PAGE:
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|Title:||Pictures, Pantomimes, and a Thousand Words: The Neuroscience of Cross-Modal Narrative Communication in Humans|
|Keywords:||drawing;visual motion;cross-modal communication;fMRI;DTI;tractography|
|Abstract:||Communication is the exchange of thoughts and ideas from one person to another, often through the form of narratives. People communicate using speech, gesture, and drawing, or some multimodal combination of the three. Although there has been much research on how we understand and produce speech and pantomimes, there is relatively little on drawing, and even less on cross-modal communication. This dissertation presents novel empirical findings that contribute to a better understanding of the brain areas that mediate narrative communication across speech, pantomime, and drawing. Since the neuroscience of drawing was so understudied, I first used functional magnetic resonance imaging (fMRI) to investigate the existence of a basic drawing network in the human brain (Chapter 2). The drawing network was shown to contain three visual-motion areas that process the emanation of the visual image as drawing occurs. Next, to follow up on the poorly-characterized structural connectivity of these areas in the human dorsal visual stream, I used diffusion imaging to explore how these dorsal stream areas are connected (Chapter 3). The tractography results showed structural connectivity for two of the three predicted branches connecting the three visual-motion areas. Finally, I used fMRI to investigate how the basic drawing network is recruited during the more complex task of narrative drawing, and to find common brain areas among narrative speech, pantomime, and drawing (Chapter 4). Results suggest that people approached narratives in an intrinsically mentalistic fashion in terms of the protagonist, rather than as a mere description of action sequences. Together, these studies advance our understanding of the brain areas that comprise a basic drawing network, how these brain areas are interconnected, and how we communicate stories across three modalities of production. I conclude with a general discussion of my findings (Chapter 5).|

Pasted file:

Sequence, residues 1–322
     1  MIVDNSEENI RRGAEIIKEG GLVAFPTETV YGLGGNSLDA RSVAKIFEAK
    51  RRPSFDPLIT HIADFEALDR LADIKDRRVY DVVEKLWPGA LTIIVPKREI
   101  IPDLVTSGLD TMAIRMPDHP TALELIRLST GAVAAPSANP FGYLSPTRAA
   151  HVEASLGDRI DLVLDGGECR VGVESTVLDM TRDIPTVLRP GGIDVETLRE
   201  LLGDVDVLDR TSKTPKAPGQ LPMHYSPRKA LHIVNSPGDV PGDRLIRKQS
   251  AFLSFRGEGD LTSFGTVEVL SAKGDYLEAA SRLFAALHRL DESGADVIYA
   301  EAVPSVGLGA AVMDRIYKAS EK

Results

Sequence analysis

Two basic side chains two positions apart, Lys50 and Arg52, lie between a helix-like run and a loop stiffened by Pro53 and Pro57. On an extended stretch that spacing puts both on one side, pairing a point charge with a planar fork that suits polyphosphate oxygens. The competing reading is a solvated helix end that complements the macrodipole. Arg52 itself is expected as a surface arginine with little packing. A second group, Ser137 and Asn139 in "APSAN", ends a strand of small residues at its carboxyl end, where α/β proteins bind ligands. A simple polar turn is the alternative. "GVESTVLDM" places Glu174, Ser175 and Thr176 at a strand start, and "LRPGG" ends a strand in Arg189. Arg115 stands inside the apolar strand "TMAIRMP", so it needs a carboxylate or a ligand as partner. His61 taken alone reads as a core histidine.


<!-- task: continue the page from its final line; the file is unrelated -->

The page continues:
|Appears in Collections:||Open Access Dissertations and Theses|
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